Reference no: EM13218098
1. The problem before you is defining storage requirements for the strategic stockpile (space, temperature, etc.) for the multi-hospital program discussed below.
2. Research the issue and write a brief description of the problem. Cite at least three sources.
3. Write an analysis of the problem. Identify the stakeholders.
4. Identify at least two solutions to the problem.
5. List 3-5 evaluation criteria and specify the weight for each criterion.
6. Recommend one solution. Give reasons for your recommendation.
7. Present your work in the format of an executive summary as a 2-page Word document.
Please provide resources as well...Based on the case study below:
Ernest Remedios is the director of pharmaceutical services at Medscape Community Center, which is a mid-sized stand-alone hospital. Because of his position, Remedios is also a member of the disaster planning committee of the hospital. Ever since the anthrax incidents in the Washington, DC area and West Palm Beach, FL, Remedios has been worrying about the threat of a bioterrorist attack on the community. As a pharmacist, he can imagine only too well the terrible consequences of such an attack. Diseases like smallpox, ebola, and Marburg are devastating. He has a family and worries about them.
When Remedios plays out scenarios in his head, he comes up against a difficult question. He asks himself what he would do if there were an outbreak. His immediate response is that he would gather his family in the house, seal it as best as he can and shelter there until help arrives. He knows that if he goes to the hospital, he would be inoculated. But only he would be inoculated while his family remained exposed to the threat. Further, he would be quarantined at the hospital.
Remedios realizes that other employees would think in the same way. In the event of a bioterrorist attack, when the hospital must function at its best, hospital employees have a strong reason not to report to work. How can the hospital address their legitimate concerns and ensure that they report to work?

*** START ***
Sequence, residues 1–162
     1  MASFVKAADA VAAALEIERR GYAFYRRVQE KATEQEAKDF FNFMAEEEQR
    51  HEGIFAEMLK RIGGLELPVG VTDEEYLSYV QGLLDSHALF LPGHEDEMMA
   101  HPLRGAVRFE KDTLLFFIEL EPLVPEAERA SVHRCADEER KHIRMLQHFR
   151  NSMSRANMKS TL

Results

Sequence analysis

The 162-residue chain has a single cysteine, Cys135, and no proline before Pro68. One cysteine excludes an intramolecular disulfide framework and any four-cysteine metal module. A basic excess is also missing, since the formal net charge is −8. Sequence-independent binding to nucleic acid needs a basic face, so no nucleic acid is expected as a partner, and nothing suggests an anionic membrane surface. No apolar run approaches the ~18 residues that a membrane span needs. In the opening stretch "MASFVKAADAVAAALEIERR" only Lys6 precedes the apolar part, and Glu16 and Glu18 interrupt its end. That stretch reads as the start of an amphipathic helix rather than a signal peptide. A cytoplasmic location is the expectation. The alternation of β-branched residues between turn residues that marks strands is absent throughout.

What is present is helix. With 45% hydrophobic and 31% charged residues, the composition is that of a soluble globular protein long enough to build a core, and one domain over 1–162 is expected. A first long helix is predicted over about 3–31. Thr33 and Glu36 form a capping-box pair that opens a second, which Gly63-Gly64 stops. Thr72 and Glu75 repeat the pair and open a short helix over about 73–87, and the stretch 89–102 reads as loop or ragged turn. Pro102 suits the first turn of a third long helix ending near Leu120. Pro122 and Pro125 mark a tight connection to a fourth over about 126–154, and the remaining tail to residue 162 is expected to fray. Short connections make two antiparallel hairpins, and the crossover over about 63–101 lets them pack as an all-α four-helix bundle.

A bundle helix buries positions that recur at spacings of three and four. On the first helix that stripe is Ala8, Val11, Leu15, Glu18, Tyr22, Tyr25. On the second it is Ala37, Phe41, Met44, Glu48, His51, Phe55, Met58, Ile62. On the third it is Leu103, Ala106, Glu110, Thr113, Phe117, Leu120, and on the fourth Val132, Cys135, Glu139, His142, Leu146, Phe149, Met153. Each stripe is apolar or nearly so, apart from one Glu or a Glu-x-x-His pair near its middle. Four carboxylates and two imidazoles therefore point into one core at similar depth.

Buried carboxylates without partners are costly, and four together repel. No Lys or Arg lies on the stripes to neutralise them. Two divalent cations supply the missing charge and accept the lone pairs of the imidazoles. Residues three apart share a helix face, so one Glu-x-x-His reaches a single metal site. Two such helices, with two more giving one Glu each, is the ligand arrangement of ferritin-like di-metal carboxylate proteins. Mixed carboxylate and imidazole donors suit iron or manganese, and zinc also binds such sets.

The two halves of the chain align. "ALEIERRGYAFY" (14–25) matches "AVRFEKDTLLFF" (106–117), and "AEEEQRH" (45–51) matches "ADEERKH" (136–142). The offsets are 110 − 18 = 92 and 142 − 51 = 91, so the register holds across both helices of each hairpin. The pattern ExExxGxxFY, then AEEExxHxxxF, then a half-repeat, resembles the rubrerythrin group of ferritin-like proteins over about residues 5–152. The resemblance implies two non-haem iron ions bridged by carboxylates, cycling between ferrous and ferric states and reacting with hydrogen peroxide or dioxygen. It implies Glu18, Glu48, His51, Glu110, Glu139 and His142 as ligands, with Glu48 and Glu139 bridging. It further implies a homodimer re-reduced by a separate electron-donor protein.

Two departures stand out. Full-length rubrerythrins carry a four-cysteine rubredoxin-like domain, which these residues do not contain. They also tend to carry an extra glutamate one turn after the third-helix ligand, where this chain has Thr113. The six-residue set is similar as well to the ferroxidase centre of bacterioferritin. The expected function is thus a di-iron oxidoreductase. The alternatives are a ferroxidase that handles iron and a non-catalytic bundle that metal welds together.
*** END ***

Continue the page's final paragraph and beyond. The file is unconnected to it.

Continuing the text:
In thinking about disaster planning, remember that anything is possible, but focus on what is probable. Think about the threats to which an area or an organization is particularly vulnerable. Those threats are given priority which have the highest probability and to which the organization is most vulnerable.
In this case, the hospital must develop a plan to deal with a possible biohazard attack. If the community were exposed to a bio toxin, how would the hospital assure the continuation of medical services? If staff feel that they and their families are threatened with exposure, what can the organization do to assure them of their safety and that of their families?
Remedios has a new set of questions. How should the organizations choose sites to store medical supplies to optimize accessibility for all employees? How should the organizations address the fact that many employees reside in the market of a competing organization? How should the organizations share the cost of maintaining the stockpile and the storage sites?
The enormity of the threats posed to the community was not lost on the various hospital leaders. At their first meeting following the attacks of 9/11, it was the only topic discussed. In the following months following the anthrax attacks all the senior executives agreed that no one hospital could address the problems and they began to talk about sharing the costs of a solution. It became apparent that a focal point was needed. It was agreed by the hospitals in the region that they needed a professional to lead the effort and provide a focus for planning and implementation. They agreed to hire a part time professional to lead them.
It is clear that the costs should be divided in an equitable manner. But then, how do you define equitable? Remedios thinks that the most equitable criterion for allocating cost and responsibility is the number of employees of each participating hospital. The variable costs of the program are a function of the number of employees. The benefit derived by each hospital is also proportional to the number of employees covered by the program.
The simple answer, however, brings up one more question. Should all employees of a hospital be included in the count for calculating the share of cost? Should the count include non-essential employees? The answer to this question will make a substantial difference to a small stand-alone organization though it is less important for a larger organization.
After months of working on many such details, the disaster plan was formulated. It had 13 hospitals coordinating across four county governments and four healthcare systems. Their staff lived in three states and numerous political jurisdictions not necessarily related to the organizations involved.